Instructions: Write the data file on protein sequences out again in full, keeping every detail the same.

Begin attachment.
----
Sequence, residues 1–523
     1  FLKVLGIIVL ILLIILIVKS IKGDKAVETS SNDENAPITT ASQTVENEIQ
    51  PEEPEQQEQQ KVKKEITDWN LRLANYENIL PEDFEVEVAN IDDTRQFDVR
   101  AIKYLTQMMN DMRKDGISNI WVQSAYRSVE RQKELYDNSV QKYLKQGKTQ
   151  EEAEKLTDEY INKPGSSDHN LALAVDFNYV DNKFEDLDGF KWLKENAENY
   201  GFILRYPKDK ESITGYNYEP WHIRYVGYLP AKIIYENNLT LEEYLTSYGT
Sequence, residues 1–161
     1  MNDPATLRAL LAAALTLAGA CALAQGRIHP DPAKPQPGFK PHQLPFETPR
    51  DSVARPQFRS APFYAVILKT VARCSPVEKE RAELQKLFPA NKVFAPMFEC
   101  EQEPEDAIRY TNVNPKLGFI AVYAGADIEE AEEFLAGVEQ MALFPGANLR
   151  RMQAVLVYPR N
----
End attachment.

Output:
Sequence, residues 1–523
     1  FLKVLGIIVL ILLIILIVKS IKGDKAVETS SNDENAPITT ASQTVENEIQ
    51  PEEPEQQEQQ KVKKEITDWN LRLANYENIL PEDFEVEVAN IDDTRQFDVR
   101  AIKYLTQMMN DMRKDGISNI WVQSAYRSVE RQKELYDNSV QKYLKQGKTQ
   151  EEAEKLTDEY INKPGSSDHN LALAVDFNYV DNKFEDLDGF KWLKENAENY
   201  GFILRYPKDK ESITGYNYEP WHIRYVGYLP AKIIYENNLT LEEYLTSYGT
Sequence, residues 1–161
     1  MNDPATLRAL LAAALTLAGA CALAQGRIHP DPAKPQPGFK PHQLPFETPR
    51  DSVARPQFRS APFYAVILKT VARCSPVEKE RAELQKLFPA NKVFAPMFEC
   101  EQEPEDAIRY TNVNPKLGFI AVYAGADIEE AEEFLAGVEQ MALFPGANLR
   151  RMQAVLVYPR N